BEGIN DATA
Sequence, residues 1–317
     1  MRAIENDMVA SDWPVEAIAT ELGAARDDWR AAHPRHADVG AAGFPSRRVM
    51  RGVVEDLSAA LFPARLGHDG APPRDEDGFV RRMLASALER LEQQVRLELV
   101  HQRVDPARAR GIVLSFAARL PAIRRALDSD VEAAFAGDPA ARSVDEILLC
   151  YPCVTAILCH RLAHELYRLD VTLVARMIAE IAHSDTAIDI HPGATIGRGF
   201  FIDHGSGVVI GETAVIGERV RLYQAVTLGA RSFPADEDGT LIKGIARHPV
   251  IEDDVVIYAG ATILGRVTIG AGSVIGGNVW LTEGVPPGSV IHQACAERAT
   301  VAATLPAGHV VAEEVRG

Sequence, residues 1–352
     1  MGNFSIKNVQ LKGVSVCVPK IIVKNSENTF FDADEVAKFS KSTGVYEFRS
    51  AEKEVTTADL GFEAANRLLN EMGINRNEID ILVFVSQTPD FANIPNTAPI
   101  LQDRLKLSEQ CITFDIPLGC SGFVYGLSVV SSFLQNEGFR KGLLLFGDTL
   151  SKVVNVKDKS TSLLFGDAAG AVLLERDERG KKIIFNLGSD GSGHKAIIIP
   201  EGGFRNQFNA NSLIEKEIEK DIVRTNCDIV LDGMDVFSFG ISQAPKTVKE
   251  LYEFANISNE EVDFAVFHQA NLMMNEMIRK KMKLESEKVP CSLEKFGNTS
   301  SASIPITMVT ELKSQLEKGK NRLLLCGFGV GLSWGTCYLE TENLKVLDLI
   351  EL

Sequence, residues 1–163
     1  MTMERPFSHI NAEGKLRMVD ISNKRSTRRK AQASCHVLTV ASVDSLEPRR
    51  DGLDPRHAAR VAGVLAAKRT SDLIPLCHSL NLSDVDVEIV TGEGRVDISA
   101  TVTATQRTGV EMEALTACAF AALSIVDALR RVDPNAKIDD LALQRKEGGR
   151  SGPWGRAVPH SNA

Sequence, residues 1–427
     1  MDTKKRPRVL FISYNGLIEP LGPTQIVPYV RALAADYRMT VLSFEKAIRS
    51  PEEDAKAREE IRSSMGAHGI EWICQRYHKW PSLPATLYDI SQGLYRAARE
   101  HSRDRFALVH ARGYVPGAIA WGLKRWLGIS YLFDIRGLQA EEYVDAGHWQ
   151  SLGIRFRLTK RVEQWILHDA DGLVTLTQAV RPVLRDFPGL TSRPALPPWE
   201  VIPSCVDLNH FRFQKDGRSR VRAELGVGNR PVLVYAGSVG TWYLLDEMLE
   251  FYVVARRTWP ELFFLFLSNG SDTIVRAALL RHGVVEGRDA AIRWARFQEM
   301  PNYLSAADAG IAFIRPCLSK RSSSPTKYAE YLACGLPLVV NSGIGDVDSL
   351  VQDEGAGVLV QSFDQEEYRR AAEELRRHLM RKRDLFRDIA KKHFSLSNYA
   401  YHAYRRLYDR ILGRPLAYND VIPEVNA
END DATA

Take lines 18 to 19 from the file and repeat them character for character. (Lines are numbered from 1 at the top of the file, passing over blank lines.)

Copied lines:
Sequence, residues 1–163
     1  MTMERPFSHI NAEGKLRMVD ISNKRSTRRK AQASCHVLTV ASVDSLEPRR